"Evolution of the hop sector"
Commission report to the Council
The European Commission has put forward its proposals for a fundamental reform of the common market organisation (CMO) for hops. This is in line with the reform of the Common Agricultural Policy (CAP) decided by the Council in June 2003. For hops, the Commission proposes to de-link the totality or at least a significant part of the current hops subsidies from production and transfer it to the de-coupled single farm payment, the key feature of the new, reformed CAP. According to the proposal, Member States could opt for total or partial de-coupling; for the latter they have the option of maintaining a coupled aid up to a maximum of 25% of the production aid in order to enable them to cater for particular production conditions or specific features of a more regional character. This payment as well as other direct payments will be linked to the respect of environmental and food safety standards through "cross-compliance". The Commission plans to table the legal text for the hops before the end of the year.
The Commission's reform proposal for hops is based on the assessment report on the sector requested by the Council before 31 December 2003. From this analysis it is obvious that the future system must meet three crucial requirements, i.e., maintain the viability of production, ensure economic conditions favourable to production and accommodate the market trend. Concerning the first requirement, the main elements of the existing hops CMO, which are the product certification provisions and the central role of the producer groups, will continue to apply as they proved to be very efficient. Integrating the hop production aid into the single payment system best fulfils the second and third requirements.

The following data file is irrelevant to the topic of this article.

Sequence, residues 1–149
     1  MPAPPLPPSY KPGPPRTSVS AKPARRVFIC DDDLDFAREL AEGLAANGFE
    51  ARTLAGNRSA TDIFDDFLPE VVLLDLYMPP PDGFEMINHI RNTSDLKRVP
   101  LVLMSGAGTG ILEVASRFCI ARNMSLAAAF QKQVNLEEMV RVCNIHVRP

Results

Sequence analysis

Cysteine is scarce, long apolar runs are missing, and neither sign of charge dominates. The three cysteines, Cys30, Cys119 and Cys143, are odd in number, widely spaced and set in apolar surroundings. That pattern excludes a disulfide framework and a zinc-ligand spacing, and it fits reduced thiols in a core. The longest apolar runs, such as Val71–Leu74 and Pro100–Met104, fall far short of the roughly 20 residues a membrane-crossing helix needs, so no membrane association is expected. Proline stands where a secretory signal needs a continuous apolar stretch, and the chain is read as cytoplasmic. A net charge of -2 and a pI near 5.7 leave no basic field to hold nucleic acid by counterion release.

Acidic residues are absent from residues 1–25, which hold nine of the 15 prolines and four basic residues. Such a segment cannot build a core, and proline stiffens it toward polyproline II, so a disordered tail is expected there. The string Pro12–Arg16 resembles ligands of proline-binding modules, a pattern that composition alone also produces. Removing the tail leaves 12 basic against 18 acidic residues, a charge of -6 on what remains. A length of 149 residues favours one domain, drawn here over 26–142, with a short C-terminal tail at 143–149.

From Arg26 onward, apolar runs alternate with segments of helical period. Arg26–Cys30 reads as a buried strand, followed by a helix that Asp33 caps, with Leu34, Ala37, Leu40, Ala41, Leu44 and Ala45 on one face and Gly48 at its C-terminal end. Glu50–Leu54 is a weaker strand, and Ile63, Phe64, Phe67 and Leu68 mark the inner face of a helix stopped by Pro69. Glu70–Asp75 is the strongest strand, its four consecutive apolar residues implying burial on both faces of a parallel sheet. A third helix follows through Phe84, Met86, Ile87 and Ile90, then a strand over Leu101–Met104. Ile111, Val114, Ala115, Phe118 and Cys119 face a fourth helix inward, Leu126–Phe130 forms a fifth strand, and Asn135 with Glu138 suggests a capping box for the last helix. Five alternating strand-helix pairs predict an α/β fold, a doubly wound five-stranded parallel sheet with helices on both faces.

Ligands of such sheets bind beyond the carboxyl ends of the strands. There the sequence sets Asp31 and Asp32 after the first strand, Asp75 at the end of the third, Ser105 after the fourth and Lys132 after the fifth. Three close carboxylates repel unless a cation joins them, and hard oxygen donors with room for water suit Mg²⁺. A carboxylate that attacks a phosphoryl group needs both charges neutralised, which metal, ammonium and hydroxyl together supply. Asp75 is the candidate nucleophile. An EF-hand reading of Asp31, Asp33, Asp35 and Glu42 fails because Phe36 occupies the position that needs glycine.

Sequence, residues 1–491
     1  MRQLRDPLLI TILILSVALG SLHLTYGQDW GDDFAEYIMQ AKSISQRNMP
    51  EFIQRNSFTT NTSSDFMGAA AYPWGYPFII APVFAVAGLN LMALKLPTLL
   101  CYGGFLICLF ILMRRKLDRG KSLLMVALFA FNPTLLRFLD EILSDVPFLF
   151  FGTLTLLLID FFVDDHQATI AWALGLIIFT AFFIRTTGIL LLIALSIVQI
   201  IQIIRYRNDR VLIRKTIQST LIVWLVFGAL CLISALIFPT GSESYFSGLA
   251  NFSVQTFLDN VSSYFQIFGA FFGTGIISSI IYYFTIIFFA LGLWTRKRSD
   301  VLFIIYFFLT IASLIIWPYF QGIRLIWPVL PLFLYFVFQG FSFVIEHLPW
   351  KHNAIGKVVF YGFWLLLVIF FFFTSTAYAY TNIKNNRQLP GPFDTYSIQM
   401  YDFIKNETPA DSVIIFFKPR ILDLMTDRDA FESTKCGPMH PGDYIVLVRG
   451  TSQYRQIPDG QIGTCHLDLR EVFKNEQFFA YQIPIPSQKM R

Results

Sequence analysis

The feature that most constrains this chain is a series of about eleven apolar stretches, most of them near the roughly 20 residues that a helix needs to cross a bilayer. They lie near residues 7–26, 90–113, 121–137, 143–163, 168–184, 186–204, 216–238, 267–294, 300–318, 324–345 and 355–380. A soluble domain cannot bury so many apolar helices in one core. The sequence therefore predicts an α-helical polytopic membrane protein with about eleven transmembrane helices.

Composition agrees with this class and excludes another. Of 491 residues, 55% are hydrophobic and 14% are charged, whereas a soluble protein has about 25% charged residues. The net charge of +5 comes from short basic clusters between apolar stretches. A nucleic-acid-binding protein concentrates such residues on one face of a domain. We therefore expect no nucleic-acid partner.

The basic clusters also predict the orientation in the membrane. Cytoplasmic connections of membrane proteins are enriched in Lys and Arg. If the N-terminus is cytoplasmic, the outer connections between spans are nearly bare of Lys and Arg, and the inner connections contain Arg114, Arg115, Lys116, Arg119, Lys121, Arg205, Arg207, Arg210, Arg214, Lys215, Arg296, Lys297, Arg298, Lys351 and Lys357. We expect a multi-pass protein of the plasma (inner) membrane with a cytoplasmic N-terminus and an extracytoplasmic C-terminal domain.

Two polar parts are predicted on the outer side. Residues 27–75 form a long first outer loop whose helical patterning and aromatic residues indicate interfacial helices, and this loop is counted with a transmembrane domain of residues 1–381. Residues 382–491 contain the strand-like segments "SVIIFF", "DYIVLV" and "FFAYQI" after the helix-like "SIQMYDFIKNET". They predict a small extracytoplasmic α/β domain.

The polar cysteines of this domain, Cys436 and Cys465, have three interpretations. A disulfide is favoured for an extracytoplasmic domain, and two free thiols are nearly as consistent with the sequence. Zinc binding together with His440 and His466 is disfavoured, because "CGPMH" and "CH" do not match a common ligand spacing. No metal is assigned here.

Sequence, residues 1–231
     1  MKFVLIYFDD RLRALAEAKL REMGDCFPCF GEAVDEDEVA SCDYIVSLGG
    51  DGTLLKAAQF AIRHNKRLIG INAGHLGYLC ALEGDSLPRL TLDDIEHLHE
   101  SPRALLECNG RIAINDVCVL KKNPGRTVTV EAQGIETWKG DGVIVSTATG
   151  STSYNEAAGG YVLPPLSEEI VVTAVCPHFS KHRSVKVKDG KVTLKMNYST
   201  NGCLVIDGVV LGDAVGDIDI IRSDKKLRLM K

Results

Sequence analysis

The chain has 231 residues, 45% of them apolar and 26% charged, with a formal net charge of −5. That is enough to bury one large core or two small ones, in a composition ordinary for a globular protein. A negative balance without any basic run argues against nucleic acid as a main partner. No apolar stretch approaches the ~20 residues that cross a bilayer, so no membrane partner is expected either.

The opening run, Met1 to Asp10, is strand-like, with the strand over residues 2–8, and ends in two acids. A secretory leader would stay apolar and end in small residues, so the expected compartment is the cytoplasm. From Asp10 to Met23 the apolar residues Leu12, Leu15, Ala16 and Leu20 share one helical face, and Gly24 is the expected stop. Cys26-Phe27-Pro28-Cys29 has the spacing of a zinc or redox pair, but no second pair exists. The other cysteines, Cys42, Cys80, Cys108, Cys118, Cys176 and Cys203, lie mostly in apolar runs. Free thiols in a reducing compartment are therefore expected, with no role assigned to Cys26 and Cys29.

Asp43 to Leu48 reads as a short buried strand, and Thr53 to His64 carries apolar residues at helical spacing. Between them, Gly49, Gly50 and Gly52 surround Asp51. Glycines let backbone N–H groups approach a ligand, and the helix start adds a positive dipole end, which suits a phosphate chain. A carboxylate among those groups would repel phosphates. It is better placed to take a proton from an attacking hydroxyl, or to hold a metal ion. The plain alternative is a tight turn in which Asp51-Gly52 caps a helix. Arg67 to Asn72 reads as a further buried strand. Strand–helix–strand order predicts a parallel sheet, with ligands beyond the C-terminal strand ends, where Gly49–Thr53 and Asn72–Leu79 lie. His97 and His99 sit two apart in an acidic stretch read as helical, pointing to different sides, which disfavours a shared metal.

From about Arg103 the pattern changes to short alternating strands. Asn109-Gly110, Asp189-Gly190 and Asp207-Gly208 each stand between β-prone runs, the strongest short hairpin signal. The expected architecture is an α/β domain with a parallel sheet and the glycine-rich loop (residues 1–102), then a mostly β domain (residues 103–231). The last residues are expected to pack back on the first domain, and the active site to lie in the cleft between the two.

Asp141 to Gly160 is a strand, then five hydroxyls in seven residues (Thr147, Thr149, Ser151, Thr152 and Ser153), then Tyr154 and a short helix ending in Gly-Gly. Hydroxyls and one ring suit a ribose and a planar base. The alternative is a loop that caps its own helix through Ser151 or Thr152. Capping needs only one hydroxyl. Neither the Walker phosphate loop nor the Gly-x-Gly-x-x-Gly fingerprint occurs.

As far as the growers are concerned this system is simple, flexible and sustainable, and equally provides for the stability of present returns by means of an aid equivalent to the present aid and a more efficient and direct transfer of the support. Moreover it offers alternatives for producers in the case of short-term and structural market crises as the grower will be able to halt production temporarily or to quit production and use the land for other types of production.
To encourage growers to organise, Member States could decide to make part or all of the coupled aid conditional on membership of a producer group.
Press release (30/09/2003)
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